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Magnetic separation techniques are becoming more and more versatile as researchers take advantage of this technology to tackle everyday problems and come up with innovative solutions. One striking example of this innovation capacity is the technique developed recently by Ziyuan Wang and colleagues. These researchers combined magnetic separation beads with bacteriophages to selectively isolate bacteria. Since they wanted to purify Escherichia coli from samples with high affinity and specificity they used T7 bacteriophages to act as binding molecules, similarly to how normally antibodies are used.

Free guide: 7 Keys to Successfully Scaling-up Biomagnetic Separation Processes

The bacteriophage particles were then biotinilated by fusing a biotin acceptor peptide with the capsid protein gene, so they could bindto streptavidin coated magnetic beads in the right position. The genetic insert allows the virus to be biotinilated in vivo, keeping the viral characteristics that make the virus bind to the bacterial envelope. Therefore,the magnetic beads become bacteriophage labeled and can then bind to E. colito separate the bacteria from solution in a magnetic sorting apparatus. This protocol was highly efficient and fast, detecting 86.2% of E. coli in solution just in 20 minutes. It also allowed a low detection limit to be established, even in the absence of pre-enrichment steps, in the order of 100 colony forming units per milliliter.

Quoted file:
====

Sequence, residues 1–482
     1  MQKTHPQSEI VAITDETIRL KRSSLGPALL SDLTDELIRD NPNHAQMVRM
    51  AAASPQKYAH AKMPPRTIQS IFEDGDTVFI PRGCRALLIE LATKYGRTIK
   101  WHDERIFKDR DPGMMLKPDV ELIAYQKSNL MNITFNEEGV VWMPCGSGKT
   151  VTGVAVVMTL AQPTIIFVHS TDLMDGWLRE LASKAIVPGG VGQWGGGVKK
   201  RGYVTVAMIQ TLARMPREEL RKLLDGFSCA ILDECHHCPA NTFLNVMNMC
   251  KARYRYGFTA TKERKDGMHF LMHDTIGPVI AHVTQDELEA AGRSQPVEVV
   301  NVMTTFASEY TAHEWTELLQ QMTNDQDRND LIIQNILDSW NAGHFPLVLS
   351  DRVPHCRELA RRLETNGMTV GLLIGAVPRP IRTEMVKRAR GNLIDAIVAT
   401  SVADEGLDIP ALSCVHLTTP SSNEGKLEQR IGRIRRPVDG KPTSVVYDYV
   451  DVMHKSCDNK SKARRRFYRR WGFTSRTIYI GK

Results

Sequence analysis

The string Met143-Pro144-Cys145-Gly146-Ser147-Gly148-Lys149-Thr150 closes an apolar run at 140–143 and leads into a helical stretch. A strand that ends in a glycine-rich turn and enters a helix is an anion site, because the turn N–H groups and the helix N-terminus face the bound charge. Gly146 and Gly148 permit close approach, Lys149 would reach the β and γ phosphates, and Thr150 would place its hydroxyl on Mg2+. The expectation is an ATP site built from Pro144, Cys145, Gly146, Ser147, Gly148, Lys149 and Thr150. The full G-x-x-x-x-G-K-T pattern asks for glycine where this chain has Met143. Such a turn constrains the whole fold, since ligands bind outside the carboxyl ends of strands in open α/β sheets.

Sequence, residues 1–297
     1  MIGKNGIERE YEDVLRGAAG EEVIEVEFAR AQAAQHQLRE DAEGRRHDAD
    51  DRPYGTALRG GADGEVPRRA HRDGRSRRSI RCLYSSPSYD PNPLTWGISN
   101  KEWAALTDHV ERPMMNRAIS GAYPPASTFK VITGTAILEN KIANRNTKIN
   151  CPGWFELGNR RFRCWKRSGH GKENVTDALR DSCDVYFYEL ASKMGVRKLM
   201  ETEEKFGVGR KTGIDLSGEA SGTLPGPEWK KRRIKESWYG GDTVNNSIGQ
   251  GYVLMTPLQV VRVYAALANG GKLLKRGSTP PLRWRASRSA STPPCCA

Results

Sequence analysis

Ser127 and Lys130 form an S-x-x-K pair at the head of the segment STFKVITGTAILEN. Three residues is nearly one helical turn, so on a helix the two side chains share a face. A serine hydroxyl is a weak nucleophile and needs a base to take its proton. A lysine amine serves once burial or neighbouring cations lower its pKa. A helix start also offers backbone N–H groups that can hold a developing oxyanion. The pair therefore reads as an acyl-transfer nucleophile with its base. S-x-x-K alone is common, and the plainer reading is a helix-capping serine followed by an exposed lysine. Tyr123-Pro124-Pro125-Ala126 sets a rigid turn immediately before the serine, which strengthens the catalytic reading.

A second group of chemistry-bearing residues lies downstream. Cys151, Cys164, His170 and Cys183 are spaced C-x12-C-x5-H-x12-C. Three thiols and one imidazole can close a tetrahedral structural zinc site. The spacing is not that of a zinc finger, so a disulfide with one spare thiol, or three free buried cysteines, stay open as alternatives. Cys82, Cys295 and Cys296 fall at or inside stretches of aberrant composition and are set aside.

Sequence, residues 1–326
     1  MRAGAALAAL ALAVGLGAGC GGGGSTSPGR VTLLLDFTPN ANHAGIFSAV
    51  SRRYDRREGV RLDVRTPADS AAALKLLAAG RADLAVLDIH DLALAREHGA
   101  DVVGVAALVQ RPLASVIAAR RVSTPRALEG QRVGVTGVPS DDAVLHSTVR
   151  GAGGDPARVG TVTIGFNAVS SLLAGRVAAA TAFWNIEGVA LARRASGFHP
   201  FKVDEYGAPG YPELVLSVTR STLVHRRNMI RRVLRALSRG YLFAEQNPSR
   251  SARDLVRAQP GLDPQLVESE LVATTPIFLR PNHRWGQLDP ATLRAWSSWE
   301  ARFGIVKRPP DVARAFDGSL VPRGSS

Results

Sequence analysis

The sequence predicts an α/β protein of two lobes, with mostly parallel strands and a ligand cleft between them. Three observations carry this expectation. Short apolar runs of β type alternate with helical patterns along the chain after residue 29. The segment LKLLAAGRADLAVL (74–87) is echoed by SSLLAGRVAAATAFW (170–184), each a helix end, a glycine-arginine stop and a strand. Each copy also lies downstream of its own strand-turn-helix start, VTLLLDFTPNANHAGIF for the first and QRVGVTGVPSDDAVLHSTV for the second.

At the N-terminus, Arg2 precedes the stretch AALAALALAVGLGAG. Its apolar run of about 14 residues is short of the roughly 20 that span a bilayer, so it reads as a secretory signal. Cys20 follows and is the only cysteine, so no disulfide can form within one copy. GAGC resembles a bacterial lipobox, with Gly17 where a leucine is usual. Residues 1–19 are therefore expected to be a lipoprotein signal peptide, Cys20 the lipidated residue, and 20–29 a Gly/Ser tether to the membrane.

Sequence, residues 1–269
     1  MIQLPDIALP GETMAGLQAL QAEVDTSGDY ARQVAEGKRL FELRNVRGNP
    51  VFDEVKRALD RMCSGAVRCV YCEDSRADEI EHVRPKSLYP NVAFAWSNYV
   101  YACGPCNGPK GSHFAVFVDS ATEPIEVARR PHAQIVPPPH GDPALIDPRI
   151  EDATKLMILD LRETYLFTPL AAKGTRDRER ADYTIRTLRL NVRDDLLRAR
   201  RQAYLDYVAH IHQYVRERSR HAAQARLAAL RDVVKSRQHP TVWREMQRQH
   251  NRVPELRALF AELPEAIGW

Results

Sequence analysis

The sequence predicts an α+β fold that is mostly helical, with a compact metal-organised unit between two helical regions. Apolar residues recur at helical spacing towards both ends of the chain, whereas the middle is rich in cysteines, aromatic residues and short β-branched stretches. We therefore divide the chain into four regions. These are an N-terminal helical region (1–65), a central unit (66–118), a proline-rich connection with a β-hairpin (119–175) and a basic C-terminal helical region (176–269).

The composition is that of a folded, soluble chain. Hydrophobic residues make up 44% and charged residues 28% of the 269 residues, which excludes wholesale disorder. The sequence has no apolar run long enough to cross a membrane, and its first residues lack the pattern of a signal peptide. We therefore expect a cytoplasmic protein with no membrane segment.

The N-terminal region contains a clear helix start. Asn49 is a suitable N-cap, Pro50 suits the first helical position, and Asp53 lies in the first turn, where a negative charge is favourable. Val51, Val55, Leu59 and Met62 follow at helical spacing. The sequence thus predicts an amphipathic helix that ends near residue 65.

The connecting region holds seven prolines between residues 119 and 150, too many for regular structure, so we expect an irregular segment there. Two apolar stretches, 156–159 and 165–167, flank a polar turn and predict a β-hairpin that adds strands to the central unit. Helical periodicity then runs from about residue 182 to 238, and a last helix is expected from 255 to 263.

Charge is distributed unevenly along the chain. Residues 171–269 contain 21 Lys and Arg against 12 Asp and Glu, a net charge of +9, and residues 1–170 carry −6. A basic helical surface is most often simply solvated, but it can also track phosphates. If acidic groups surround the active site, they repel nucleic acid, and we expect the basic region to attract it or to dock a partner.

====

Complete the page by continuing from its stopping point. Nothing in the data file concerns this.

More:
This raises possibilities for the detection of not only E. coli but other bacteria, which can be a valuable diagnosis tool since it takes less time than doing a culture or PCR detection. Once again, biomagnetic separation proves to be a precious technology with a huge potential to expand its applications.

Development of a novel bacteriophage based biomagnetic separation method as an aid for sensitive detection of viable Escherichia coli.Wang, Z., Wang, D., Chen, J., Sela, D. A. &Nugen, S. R. Analyst (2015).doi:10.1039/c5an01769f

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Lluis M. Martínez | SEPMAG Chief Scientific Officer

Founder of SEPMAG, Lluis holds a PhD in Magnetic Materials by the UAB. He has conducted research at German and Spanish academic institutions. Having worked in companies in Ireland, USA and Spain, he has more than 20 years of experience applying magnetic materials and sensors to industrial products and processes. He has filed several international patents on the field and co-authored more than 20 scientific papers, most of them on the subject of magnetic particle movement.

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